A personal injuries committee made up of judges has been selected to examine the insurance industry in Ireland.
The announcement was made this morning by Chief Justice Frank Clarke at an insurance fraud conference in Dublin.
It comes amid ongoing criticism over the level of compensation payouts in Ireland.
Mr Justice Clarke says the committee will get to work straight away, despite not being formally established by law.
"One of the issues that they will have to consider is bench-marking Irish damages," he said adding that this would be done by referencing damages in other countries including, but not limited to, the UK.
"If they were to wait until they are formally established before commencing that process, that would take time.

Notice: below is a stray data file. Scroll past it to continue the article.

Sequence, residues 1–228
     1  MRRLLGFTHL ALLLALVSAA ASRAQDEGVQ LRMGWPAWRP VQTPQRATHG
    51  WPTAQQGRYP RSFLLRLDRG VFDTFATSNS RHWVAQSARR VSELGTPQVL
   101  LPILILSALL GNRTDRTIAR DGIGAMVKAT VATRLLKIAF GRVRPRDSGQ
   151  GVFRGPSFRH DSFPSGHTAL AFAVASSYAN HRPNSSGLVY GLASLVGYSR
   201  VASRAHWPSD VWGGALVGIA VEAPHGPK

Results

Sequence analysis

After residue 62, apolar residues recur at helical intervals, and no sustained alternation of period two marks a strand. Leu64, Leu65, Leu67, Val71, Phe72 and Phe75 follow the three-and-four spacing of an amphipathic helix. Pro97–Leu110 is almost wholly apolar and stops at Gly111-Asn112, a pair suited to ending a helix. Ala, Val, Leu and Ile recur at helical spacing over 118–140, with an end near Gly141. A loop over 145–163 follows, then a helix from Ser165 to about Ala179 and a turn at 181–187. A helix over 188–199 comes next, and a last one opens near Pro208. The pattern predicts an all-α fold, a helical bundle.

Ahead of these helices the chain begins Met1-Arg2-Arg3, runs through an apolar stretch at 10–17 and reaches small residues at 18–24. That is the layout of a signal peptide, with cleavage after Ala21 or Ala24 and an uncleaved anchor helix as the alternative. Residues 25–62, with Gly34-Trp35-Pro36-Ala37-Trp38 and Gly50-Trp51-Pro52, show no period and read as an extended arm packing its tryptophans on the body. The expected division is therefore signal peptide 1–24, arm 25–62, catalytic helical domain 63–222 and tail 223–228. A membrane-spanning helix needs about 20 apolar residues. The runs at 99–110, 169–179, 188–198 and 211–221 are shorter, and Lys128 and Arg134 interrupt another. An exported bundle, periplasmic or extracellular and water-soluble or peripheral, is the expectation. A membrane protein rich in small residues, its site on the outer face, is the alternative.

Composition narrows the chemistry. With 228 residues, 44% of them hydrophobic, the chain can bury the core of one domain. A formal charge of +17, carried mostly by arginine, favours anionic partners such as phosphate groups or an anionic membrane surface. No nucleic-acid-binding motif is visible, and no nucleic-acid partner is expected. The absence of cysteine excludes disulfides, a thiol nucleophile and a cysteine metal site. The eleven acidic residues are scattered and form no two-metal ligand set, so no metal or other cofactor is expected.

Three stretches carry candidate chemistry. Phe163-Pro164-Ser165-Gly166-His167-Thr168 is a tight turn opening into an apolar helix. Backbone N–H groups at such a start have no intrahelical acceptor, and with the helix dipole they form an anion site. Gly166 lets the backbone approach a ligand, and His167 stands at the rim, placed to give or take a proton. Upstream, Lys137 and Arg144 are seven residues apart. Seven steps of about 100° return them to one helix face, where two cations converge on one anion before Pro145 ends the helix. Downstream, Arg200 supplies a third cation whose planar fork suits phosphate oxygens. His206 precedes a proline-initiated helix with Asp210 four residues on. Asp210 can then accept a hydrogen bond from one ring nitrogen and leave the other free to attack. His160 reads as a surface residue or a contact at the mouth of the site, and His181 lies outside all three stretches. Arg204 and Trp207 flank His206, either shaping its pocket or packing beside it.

"But there is no reason why the process of putting in place that research, cannot start straight away," Mr Justice Clark added.
The news was welcomed by Ibec, the body that represents Irish businesses.
“Ibec has long argued that a reduction of up to 75% is merited across a wide range of bodily injuries, said Ibec head of infrastructure Dr Neil Walker.
"The findings of the Personal Injuries Commission confirmed our own research, namely that Ireland is way out of kilter with international norms."
“This review, if completed quickly and implemented effectively, has significant potential to stem the crippling cost of employer and public liability insurance premiums.”
Last month a senior judge claimed the insurance industry in Ireland is “fundamentally dishonest”.
In a report in The Sunday Business Post Mr Justice Kevin Cross said that Ireland’s ‘compo culture’ and fraudulent claims are responsible for a rise in insurance premiums.
This assertion was rejected by Insurance Ireland.